Mars scientists dubbed them recurring slope lineae or RSLs. They sure looked like evidence of liquid water flowing down hillsides and ridges on the Red Planet. New research led by US Geological Survey Planetary Geologist Colin Dundas says they are probably no more than dry sand and dust. Emily Lakdawalla reports that NASA has narrowed the choices for the next New Frontiers mission to a Titan or a comet lander. And it’s time for the last 2017 What’s Up look around the night sky by Bruce Betts.
- Year-end Gifts in Support of Planetary Radio and The Planetary Society
- Nature Geoscience abstract: “Granular flows at recurring slope lineae on Mars indicate a limited role for liquid water”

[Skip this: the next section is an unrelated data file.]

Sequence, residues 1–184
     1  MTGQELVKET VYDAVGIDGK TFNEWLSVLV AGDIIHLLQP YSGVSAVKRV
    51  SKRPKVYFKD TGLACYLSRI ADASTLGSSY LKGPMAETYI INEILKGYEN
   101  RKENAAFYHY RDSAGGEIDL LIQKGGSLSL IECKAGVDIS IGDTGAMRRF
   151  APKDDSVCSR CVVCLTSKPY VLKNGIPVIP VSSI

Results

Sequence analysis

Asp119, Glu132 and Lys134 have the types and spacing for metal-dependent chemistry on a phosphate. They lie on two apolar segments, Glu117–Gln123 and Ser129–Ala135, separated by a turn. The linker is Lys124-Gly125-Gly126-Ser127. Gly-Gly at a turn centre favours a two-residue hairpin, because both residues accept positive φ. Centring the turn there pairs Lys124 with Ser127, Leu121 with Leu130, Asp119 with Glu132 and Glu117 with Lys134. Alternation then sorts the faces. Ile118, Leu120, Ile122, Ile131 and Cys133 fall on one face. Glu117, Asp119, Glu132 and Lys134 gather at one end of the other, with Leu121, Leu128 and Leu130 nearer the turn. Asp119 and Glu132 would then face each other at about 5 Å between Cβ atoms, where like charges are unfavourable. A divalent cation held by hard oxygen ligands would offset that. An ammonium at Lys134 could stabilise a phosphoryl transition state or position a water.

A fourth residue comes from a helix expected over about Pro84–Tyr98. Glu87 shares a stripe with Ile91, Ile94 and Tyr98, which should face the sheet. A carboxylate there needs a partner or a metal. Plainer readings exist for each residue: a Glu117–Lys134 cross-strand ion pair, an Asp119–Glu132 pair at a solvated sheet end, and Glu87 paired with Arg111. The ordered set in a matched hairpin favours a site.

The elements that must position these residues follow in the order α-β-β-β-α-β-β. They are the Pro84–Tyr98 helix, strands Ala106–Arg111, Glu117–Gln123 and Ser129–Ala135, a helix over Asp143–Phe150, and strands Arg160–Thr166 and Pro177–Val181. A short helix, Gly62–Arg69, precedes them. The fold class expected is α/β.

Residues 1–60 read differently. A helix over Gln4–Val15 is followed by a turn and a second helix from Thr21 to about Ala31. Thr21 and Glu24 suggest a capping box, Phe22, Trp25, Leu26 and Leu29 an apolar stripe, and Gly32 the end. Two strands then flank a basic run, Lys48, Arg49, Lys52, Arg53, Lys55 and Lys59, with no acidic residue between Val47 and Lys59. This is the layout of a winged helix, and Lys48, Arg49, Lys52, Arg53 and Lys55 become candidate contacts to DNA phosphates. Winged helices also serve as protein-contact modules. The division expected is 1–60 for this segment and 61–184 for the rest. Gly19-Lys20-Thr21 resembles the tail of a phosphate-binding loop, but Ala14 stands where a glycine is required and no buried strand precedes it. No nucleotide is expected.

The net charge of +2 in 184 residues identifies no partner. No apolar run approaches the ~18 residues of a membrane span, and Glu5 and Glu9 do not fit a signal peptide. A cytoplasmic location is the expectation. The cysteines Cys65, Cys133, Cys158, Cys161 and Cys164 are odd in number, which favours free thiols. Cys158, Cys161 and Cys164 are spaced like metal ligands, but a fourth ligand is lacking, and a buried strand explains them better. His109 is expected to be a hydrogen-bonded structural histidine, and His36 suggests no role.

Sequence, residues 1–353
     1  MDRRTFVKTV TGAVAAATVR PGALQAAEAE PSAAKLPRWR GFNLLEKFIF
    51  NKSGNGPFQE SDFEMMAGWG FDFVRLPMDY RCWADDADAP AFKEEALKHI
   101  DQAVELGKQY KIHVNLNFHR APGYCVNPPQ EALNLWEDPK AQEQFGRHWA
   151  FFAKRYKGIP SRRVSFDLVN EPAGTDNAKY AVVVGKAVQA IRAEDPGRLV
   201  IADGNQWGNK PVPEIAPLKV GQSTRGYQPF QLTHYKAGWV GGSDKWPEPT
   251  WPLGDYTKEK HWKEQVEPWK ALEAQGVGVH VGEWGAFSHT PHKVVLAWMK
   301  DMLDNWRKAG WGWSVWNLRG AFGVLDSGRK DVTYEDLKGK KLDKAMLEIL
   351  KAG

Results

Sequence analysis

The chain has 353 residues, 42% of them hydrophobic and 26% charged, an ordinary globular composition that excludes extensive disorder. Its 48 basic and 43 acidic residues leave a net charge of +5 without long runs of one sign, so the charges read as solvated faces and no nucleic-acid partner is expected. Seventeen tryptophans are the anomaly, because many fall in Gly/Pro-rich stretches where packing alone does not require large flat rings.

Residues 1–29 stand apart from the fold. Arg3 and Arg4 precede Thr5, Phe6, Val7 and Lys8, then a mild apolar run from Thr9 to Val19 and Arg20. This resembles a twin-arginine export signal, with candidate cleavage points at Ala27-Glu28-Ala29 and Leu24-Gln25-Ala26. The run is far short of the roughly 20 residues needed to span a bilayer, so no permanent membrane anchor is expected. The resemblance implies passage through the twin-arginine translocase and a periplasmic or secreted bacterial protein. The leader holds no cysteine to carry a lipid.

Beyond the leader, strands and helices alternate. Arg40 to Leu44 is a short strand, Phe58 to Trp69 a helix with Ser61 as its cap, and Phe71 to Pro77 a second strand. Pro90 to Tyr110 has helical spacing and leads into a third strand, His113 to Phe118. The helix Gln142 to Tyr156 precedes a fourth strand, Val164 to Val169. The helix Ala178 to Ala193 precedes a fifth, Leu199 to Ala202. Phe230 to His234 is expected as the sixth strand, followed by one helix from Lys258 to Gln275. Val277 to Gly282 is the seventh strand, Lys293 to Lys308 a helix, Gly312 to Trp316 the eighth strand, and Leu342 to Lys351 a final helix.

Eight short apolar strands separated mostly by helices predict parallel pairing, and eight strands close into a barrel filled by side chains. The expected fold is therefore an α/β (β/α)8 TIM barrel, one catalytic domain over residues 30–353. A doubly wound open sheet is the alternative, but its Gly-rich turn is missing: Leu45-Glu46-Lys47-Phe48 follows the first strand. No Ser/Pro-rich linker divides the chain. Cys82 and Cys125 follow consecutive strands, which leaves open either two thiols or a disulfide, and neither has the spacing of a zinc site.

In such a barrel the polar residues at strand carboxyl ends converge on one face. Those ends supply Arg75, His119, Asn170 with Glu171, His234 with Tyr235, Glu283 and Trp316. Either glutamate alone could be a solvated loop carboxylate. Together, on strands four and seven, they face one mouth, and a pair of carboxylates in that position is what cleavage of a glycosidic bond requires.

- Mars Reconnaissance Orbiter
- Colin Dundas at the USGS Astrogeology Center
- Downselect: NASA narrows future mission destination to comet 67P or Titan
- Chop Shop Planetary Society Store
This week's prizes are the Space Magnetic Poetry Kit for your refrigerator door and a 200-point iTelescope.net astronomy account.
This week's question:
What was the last successful Soviet mission to the Moon?
To submit your answer:
Complete the contest entry form at http://planetary.org/radiocontest or write to us at firstname.lastname@example.org no later than Wednesday, January 3rd at 8am Pacific Time. Be sure to include your name and mailing address.
Last week's question:
What two orbiters are part of the European Space Agency’s BepiColombo mission to Mercury?
The answer will be revealed next week.
Question from the week before:
“Cometroid” (not at all an official IAU classification) 3200 Phaeton is responsible for the annual Geminids meteor shower. Who was the mythical Phaeton’s father?
Helios the sun god was Phaethon’s dad in Greek mythology. This got asteroid 3200 Phaethon named after the kid.